It used to be a minor miracle when CFD codes converged at all. I remember in early days when we would be huddled by the monitor as each new iteration of the solver would either move one step closer to a resolved solution – or blow up, dramatically as some confluence of numerics conspired to generate floating point exception or the dreaded “NaN” – not a number.
For users of modern commercial codes, this is almost never an issue now. Modern solvers are designed to produce a solution no matter what – robustness is the key attribute, being the surest way to minimise the number of calls to the costly help centre. You’d be amazed at what you can provide as input and boundary conditions to some codes and still get an answer. I remember (and the guilty shall remain nameless) one major software release (years ago of course) where the energy equation was accidentally decoupled from the other flow variables. Nobody noticed for ages because the dissipation scheme created enough artificial viscosity to mask the effect! Ah happy days.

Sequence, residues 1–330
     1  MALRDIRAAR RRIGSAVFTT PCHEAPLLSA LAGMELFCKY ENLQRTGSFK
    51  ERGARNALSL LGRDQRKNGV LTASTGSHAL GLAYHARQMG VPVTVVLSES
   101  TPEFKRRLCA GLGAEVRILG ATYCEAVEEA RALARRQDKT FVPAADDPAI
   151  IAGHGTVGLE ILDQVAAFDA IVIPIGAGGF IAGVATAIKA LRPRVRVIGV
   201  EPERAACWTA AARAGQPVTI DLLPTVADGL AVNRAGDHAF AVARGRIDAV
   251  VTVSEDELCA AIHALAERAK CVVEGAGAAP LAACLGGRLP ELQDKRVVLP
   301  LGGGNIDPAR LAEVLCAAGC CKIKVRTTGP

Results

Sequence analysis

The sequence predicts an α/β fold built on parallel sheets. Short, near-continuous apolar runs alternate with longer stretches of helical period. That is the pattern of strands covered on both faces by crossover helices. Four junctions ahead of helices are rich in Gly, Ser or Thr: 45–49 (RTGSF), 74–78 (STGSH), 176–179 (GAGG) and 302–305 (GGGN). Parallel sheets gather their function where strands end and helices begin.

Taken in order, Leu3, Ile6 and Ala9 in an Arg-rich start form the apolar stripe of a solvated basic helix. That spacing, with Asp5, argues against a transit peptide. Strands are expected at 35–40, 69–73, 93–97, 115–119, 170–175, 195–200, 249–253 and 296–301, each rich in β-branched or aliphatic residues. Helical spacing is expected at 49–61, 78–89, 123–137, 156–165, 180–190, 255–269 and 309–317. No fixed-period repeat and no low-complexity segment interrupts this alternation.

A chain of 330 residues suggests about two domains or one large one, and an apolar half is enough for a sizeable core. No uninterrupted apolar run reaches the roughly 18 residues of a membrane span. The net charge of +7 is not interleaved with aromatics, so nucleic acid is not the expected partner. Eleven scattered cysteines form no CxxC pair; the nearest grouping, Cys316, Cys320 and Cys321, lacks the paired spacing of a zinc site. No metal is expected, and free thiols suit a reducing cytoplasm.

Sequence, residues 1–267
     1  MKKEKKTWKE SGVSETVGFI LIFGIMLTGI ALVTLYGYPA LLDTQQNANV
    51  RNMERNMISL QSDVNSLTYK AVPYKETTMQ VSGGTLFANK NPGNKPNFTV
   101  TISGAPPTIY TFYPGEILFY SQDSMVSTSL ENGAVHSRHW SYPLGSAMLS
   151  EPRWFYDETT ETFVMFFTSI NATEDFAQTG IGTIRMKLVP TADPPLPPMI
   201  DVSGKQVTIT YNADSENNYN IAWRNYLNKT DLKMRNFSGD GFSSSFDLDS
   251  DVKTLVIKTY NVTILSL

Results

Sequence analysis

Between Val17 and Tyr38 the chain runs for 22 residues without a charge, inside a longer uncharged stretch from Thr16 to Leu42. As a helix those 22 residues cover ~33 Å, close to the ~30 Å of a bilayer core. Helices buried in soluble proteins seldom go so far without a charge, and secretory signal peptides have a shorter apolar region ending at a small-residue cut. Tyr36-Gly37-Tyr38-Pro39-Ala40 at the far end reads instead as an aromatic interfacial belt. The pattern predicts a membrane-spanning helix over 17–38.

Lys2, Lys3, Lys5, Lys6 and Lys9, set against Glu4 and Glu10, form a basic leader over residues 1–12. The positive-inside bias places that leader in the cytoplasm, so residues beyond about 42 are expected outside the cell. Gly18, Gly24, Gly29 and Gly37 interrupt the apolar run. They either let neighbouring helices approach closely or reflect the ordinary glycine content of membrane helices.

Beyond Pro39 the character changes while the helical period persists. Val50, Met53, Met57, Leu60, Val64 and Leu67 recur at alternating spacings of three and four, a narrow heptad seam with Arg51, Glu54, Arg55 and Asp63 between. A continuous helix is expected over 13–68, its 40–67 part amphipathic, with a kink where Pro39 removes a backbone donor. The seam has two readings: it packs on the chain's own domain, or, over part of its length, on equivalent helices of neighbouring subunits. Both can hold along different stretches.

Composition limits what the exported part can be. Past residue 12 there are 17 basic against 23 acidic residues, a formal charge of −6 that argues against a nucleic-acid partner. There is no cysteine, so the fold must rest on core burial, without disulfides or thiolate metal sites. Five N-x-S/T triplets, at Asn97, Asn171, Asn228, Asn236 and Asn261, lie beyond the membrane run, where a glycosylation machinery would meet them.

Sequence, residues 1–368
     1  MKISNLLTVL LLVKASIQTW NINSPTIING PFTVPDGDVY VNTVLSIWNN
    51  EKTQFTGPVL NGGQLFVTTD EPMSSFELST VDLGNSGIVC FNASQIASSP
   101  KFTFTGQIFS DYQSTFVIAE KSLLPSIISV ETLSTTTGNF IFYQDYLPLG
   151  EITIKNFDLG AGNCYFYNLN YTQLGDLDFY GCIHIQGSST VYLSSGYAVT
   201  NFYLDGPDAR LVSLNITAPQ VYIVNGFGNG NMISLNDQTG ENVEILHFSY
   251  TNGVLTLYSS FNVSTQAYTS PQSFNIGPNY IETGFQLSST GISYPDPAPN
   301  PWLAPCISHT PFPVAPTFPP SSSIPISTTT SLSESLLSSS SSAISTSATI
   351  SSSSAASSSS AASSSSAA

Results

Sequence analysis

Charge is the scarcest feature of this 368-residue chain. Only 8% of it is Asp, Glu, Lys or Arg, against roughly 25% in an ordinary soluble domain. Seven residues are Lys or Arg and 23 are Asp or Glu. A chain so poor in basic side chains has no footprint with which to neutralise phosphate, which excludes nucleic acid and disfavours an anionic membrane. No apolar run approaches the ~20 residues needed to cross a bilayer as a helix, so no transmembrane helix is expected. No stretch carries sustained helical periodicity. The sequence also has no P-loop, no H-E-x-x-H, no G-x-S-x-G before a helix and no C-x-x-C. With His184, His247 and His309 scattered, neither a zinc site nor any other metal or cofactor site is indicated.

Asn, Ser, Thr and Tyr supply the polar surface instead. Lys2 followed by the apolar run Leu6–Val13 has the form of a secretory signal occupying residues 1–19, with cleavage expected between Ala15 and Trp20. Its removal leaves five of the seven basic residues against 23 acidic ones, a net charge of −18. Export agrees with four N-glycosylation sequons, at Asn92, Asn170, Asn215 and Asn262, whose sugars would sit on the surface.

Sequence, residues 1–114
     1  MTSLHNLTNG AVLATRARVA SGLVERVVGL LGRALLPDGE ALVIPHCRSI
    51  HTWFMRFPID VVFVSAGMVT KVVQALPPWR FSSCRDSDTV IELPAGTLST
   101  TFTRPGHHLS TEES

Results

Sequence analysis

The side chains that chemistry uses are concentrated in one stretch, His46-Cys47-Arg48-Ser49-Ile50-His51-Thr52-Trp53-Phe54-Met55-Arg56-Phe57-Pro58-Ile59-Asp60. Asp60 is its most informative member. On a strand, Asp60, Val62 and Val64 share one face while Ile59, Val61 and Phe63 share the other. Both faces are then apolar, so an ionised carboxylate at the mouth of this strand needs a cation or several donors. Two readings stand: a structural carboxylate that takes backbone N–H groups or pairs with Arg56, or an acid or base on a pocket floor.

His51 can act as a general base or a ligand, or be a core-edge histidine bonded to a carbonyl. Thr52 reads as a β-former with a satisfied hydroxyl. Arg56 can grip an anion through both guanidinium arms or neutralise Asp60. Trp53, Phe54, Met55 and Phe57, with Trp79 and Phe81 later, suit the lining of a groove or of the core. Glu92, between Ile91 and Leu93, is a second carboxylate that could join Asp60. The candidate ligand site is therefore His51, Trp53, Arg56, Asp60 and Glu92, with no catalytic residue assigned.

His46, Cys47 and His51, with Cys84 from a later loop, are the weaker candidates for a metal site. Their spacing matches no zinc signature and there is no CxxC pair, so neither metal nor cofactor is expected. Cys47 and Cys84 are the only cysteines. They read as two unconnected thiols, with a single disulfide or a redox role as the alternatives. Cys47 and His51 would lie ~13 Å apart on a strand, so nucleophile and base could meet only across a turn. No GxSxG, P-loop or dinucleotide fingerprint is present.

Towards project deadlines, we would stop back at the office on our way home after parties on Saturday nights just to see if our jobs were still running. Our partners would sit patiently in the car (motor still running) while we “popped in” to check on the status. And change a few input variables. And answer an email or two. Looking back, we must have been appallingly bad dates.
The ability to keep tabs on CFD simulations has moved on leaps and bounds with Internet technology. Our first system for keeping a remote eye on a job involved automating the creation of an email via the ‘sendmail’ command on the cluster, with the message contents compiled as a list of diagnostics and residual values. The title of the email would be a cheery “OK” or a dismal “CRASHED”, the latter prompting more excuses for “popping in” to terminate the tasks that might still be consuming computing resource.
Now of course you can monitor jobs that are running just be using a mobile phone. Start. Stop. Tweak. Re-start – all from the palm of your hand. We’ve not yet seen social media embrace computational fluid dynamics. “Check out this partially converged solution” ; “Like”, etc. Maybe it will happen, or perhaps I get overly excited about this sort of thing. Certain simulation tasks have characteristic convergence behaviour, some of which might be described as aesthetically appealing.
Anyhow, the good news is that simulation – particularly when run in the cloud or at least on a machine with an internet connection – can now be monitored and even driven remotely, so there’s no more “popping in” needed.